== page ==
• Qualities of all dairy products including cheeses are influenced by several parameters, such as chemical, microbiological, rheological and sensory scores of the products.
  • Proteolysis and lipolysis are two primary processes in cheese ripening with a variety of chemical, physical, microbiological, textural, and rheological changes which occur under controlled environmental conditions.
  • Studies showed that cheese quality is greatly influenced by levels of peptides, amino acids, and free fatty acids resulting from proteolysis and lipolysis.
milk pricing system
Milk Pricing System

A. Butterfat differentials Pricing

  • Butterfat differentials are the amount by which the price of farm milk is increased or decreased for each “point” (0.1%) of butterfat test.
  • The procedure used to calculate butterfat differentials in most US Federal Milk Order markets is to multiply the average wholesale price by 0.115 at Chicago, effective Dec. 1, 1983 (USDA support price for Grade A butter is $1.4325/lb)
  • At this price, the butterfat differential for farm milk is approximately 16.5 cents (1.4325 x 0.115).
  • Use of butterfat differentials to price farm milk assumes that fat and solids-not-fat prices and contents fluctuate together.
milk pricing system30
Milk Pricing System

B. Component pricing

  • Milk fat and protein are the two major variable constituents in milk.
  • Lactose remains fairy constant at about 5%, and minerals at about 0.7%, but protein and fat vary considerably between seasons.
  • On the average, farm cow milk contains about 3.7% milk fat and 8.55% solids-not-fat, including about 3.2% protein.
  • A one point (0.1%) change in milk fat test is normally associated with as 0.4 point (0.04%) change in solids-not-fat, and in protein.
milk pricing system31
Milk Pricing System

C. In Component Pricing System, goat milk farmers have a disadvantage with protein:

- Goat milk has higher N content than cow milk, but

the former has higher nonprotein nitrogen, which

gives good health benefits, but implicated with a

lower milk pricing.

D. Calculation of 4% fat-corrected milk (4%FCM)

4% FCM = 0.4 x kg milk yield + 15 x kg fat yield

milk pricing system32
Milk Pricing System

E. Product Prices

  • The USDA purchase prices for butter, nonfat dry milk, and Cheddar cheese are calculated from the support price for milk.
  • During the period of October, 1980-December 1, 1983; The purchase price for butter, $1.49/lb; nonfat dry milk, $0.94/lb; and Cheddar cheese, $1.395/lb ($1.8628/lb; 1998)
  • Per Hundredweight Milk;

a) A gross price to plants per hundredweight of milk is

$14.32.

a) 4.48 lbs butter x $1.49 = $6.68butter value in

100 lbs milk.

b) $14.32 - $6.68 = $7.64/8.13 = $0.94/lb USDA purchase

price for nonfat dry milk.

average performance of dairy goat breeds in different countries
Average performance of dairy GOAT BREEDS in different countries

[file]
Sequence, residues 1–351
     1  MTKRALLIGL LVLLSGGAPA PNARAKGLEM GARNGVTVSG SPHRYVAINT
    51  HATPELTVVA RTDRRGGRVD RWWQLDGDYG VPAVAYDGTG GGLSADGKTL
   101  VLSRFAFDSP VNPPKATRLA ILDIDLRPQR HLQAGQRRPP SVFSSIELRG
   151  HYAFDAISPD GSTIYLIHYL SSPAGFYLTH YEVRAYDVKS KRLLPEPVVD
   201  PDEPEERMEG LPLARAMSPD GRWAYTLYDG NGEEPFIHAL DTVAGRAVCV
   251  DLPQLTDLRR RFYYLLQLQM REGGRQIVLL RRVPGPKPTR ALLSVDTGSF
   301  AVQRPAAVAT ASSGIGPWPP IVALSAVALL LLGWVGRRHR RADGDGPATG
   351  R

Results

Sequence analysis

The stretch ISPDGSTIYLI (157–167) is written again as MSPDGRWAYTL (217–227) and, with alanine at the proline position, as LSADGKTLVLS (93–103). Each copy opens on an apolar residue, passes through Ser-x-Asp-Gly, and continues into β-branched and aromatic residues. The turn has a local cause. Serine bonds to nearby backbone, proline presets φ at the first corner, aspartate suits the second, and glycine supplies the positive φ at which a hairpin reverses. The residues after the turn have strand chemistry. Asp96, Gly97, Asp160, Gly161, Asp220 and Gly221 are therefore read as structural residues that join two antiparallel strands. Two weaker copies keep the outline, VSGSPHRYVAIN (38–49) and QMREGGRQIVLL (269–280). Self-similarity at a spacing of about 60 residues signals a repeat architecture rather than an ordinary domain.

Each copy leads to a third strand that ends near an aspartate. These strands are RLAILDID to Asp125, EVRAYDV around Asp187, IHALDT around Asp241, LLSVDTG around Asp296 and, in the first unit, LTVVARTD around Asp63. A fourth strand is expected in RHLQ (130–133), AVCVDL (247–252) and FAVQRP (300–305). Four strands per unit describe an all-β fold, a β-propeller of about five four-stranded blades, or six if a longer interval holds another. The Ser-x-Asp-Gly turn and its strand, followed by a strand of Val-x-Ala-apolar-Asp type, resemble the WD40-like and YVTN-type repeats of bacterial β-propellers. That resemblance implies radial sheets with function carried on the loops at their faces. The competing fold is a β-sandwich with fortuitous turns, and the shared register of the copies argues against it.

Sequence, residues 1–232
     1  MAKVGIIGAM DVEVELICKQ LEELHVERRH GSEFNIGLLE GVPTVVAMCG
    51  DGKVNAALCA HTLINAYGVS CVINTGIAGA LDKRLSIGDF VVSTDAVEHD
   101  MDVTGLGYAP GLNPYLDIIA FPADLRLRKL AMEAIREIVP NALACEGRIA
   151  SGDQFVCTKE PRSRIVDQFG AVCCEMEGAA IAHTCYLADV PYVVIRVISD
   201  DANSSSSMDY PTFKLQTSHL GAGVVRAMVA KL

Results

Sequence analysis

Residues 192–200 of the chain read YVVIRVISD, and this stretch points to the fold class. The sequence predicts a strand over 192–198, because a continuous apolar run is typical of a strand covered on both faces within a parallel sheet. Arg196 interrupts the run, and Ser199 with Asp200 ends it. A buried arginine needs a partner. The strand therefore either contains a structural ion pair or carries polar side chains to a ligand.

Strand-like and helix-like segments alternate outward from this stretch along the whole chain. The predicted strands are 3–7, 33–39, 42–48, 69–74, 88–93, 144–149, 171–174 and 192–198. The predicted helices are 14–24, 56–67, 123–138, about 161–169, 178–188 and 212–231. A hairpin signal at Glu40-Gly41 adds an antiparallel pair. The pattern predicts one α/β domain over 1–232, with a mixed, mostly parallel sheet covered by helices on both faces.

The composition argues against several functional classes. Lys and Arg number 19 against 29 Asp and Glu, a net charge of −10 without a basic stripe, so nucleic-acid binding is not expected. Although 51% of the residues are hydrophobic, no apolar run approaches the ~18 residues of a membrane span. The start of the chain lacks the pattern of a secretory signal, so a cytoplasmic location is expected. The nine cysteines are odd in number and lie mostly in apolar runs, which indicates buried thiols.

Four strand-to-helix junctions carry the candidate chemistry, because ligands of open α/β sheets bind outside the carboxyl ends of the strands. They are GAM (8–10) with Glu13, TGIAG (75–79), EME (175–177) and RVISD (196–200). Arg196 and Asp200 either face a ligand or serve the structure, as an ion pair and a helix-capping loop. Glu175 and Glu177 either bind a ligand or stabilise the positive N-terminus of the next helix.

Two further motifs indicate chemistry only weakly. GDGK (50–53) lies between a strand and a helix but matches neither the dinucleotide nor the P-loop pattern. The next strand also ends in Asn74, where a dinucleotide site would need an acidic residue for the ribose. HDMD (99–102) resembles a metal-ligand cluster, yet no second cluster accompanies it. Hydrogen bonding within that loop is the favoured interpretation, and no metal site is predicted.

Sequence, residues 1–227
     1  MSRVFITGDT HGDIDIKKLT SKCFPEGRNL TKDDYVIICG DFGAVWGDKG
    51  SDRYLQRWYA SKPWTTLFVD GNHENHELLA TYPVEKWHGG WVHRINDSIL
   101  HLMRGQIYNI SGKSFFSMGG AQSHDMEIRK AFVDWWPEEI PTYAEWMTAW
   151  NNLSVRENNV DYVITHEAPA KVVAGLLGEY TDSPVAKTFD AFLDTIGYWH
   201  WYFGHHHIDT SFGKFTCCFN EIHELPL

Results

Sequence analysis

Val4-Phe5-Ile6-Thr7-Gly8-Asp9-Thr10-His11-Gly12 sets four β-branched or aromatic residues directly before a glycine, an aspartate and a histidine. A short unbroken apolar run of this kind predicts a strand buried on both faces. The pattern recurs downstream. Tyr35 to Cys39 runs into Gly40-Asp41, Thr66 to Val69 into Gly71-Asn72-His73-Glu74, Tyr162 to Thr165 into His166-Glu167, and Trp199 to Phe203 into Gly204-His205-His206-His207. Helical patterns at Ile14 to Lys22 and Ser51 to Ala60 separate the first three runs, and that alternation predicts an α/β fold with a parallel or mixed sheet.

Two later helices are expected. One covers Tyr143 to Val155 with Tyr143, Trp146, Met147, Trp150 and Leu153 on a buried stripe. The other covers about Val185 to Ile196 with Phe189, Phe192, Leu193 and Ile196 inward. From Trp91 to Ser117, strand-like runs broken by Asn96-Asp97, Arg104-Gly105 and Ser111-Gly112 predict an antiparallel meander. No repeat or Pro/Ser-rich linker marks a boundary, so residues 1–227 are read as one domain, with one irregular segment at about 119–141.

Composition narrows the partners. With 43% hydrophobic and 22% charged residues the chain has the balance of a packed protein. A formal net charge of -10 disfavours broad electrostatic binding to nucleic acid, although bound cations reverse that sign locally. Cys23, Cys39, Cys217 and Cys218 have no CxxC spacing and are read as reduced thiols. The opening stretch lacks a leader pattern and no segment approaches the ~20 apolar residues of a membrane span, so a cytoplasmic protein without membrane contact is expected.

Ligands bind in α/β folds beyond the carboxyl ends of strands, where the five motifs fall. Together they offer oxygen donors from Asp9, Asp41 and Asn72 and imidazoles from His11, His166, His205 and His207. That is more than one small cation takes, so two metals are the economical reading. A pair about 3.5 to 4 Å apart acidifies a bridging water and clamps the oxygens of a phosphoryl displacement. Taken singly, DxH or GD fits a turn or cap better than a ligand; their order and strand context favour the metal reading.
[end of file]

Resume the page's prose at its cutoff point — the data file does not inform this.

__________________________________________________________________________________________

Country Lactation Yield (kg)________________

Goat breed length (day) Milk Fat 4% FCM____

Cyprus

Damascus 255 510 20 504

France

Poitevine 230 520 20 508

Greece

Native 230 160 9 199

India

Jamunapari 220 215 9 221

Norway

Nordie 275 650 24 620

Switzerland

Saanen 282 745 26 688

Turkey

Kilis 270 270 13 303

USA

Alpine 288 869 31 813

Nubian 288 710 32 764

US Toggenburg292 870 30 798

_____________________________________________________________________________

(Haenlein, 2007)

average performance of dairy sheep breeds in different countries
Average performance of dairy SHEEP BREEDS in different countries

______________________________________________________________

Country Lactation Yield (kg)__________

Sheep breed length (d) Milk Fat 4% FCM__

Czechoslovakia

Prmenka 162 162 12 245

France

Lacaune 165 270 20 408

Germany

East Friesian 300 632 41 868

Greece

Chios 210 218 17 342

Israel

Israel Awassi 270 495 33 693

Italy

Comisana 150 132 11 218

Spain

Manchega 210 300 28 540

Turkey

Awassi 120 168 11 232____

Haenlein (2007)

comparative profitability of two systems of goat farming
Comparative profitability of two systems of goat farming

______________________________________________________________

GREECE Intensive farming Extensive farming

_____________________________________________________________

Gross return/goat/year, $ 134.94 66.24

Expenses/goat/year, $ 110.89 58.69

Labor, % 39.1 51.8

Feed, % 42.8 31.6

Capital, % 12.2 13.4

Housing, % 4.4 2.1

Others, % 1.5 1.1

Net return/goat/year, $ 24.05 7.55

_____________________________________________________________

comparative profitability of two systems of goat farming36
Comparative profitability of two systems of goat farming

_________________________________________________________________________________________

FRANCE Milk sold from farm Cheese sold from milk on farm

_____________________________________________________________________

Milk production/goat/year, kg 553 461

Price/kg milk, $ 0.40 0.94

Gross return/goat, $ 243.83 584.00

Production cost/goat/year, $ 118.17 190.83

Net return/goat/year, $ 125.66 393.17

_____________________________________________________________________

ITALY

Net return/goat/year, $ 74.93 112.00

_____________________________________________________________________

USA Average herd production,

kg milk/goat/year Break-even price/kg milk

_____________________________________________________________________

680 0.52

907 0.39

_____________________________________________________________________

conclusions
CONCLUSIONS

1. The basic principle for production of quality dairy products is the better the original milk, the better the processed products.

2. Milk is highly perishable, and its quality is easily deteriorated by improper handling of feeding, animals prior and during milking, handling of the milk during and after milking, cooling and transportation, pasteurization, processing, packaging, and processing utensils, etc.

conclusions cont d
CONCLUSIONS – Cont’d

3. Each processing plant should establish appropriate quality control systems for each point of manufacturing facilities.

4. All personnel involved (farm level, transport, dairy plants) in production, processing, distribution, and marketing of dairy products must follow the required regulations (PMO) enforced by appropriate regulatory agencies (e.g. FDA, APHA).

5. Four important requirements for Grade A dairy products are: i) safe to drink, ii) good flavor, iii) relatively free from spoilage bacteria and somatic cells, and iv) composition.